Al Helfer, radio pioneer, wins Hall of Fame’s Frick Award
LAS VEGAS (AP) — Al Helfer, who broadcast games on radio for the "Mutual Game of the Day" in the 1950s, has won the Ford C. Frick Award for excellence in broadcasting by baseball's Hall of Fame and Museum.
Helfer, who died in 1975, will be recognized on July 20 at Cooperstown, New York, as part of the Hall's induction weekend.
He called 14 no-hitters and memorable events that included Gabby Hartnett's Homer in the Gloamin' in 1938 and Bobby Thomson's NL pennant-winning home run in 1951.
Helfer called his first games at age 16 in 1933 for Pittsburgh. He spent two seasons with the Pirates, two with Cincinnati, two with the New York Yankees and three with the Brooklyn Dodgers alongside Red Barber.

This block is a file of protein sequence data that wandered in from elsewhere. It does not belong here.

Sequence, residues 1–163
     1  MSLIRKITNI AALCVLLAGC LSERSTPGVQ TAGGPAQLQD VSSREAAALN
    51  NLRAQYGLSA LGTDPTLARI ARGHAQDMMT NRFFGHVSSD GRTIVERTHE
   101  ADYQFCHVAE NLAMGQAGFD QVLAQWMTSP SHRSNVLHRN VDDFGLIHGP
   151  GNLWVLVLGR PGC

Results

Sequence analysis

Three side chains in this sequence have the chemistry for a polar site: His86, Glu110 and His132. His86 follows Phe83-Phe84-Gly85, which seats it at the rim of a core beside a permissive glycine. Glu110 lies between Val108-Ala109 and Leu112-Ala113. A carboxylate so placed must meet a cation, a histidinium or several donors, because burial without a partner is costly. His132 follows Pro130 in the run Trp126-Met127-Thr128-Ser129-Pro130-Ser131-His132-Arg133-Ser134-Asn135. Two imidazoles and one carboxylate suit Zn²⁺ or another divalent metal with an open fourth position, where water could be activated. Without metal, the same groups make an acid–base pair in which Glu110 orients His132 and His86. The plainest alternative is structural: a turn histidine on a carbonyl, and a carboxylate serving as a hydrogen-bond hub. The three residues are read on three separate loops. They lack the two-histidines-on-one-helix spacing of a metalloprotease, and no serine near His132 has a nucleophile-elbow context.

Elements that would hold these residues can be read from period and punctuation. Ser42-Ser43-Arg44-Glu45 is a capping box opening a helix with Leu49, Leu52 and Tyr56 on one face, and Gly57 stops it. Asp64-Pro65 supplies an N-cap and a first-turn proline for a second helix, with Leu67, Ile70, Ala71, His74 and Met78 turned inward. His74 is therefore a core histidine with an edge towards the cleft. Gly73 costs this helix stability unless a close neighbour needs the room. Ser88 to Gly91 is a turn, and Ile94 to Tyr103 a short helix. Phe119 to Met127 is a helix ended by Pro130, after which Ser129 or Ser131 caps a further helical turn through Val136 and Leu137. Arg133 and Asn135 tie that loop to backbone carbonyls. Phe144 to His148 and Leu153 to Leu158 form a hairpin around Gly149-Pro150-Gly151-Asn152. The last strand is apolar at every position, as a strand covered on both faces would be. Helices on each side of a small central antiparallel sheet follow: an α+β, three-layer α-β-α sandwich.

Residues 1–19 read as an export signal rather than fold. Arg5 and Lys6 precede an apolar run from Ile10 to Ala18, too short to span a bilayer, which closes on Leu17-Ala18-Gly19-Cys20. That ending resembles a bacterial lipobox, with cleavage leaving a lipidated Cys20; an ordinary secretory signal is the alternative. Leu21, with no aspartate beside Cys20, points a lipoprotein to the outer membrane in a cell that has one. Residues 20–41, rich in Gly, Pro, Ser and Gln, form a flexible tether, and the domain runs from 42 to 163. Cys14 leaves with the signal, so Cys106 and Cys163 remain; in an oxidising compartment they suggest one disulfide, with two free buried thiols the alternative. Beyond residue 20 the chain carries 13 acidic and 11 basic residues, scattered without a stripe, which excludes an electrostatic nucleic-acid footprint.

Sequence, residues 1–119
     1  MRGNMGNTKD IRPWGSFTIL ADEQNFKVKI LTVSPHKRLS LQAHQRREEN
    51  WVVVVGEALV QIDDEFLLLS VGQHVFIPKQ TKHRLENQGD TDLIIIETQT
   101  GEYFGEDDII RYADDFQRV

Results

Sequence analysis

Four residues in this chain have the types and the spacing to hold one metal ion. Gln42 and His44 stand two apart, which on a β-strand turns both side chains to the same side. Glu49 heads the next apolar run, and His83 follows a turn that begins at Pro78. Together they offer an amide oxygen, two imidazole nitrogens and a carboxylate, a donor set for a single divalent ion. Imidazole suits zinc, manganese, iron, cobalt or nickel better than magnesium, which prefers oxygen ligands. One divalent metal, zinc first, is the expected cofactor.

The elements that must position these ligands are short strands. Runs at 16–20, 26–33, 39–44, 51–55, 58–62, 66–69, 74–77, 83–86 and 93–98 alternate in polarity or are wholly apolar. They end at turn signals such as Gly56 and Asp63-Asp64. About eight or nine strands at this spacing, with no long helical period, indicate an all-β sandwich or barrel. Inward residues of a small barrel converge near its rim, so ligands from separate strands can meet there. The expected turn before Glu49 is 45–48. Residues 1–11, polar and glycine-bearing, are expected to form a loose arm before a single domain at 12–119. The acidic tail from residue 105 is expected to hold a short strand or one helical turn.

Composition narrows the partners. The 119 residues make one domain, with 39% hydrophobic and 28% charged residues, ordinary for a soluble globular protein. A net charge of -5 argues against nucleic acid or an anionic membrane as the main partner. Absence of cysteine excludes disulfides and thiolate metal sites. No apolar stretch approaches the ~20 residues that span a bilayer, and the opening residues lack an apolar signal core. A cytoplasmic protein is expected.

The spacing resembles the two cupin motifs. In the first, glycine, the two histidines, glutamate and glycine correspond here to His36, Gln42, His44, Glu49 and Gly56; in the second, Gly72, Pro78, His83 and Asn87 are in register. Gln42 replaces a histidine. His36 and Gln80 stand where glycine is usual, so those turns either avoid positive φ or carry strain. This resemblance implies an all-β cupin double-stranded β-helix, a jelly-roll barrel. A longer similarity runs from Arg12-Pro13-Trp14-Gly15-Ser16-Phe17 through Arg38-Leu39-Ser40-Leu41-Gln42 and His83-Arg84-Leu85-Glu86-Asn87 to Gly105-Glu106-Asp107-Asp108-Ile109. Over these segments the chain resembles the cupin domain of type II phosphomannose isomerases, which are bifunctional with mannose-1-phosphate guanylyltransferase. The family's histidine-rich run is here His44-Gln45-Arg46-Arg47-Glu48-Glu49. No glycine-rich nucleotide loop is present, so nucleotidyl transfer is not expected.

After serving in the Navy during World War II, he broadcast Yankees' and New York Giants' games in 1945, then worked for the Mutual Broadcasting System from 1950-54. He broadcast the World Series from 1951-55 and for the Dodgers from 1955-57.
When the Giants and Dodgers moved to California, he broadcast Philadelphia Phillies' games for the New York market in 1958. He also worked games for the Houston Colt .45s (1962) and Oakland (1968-69).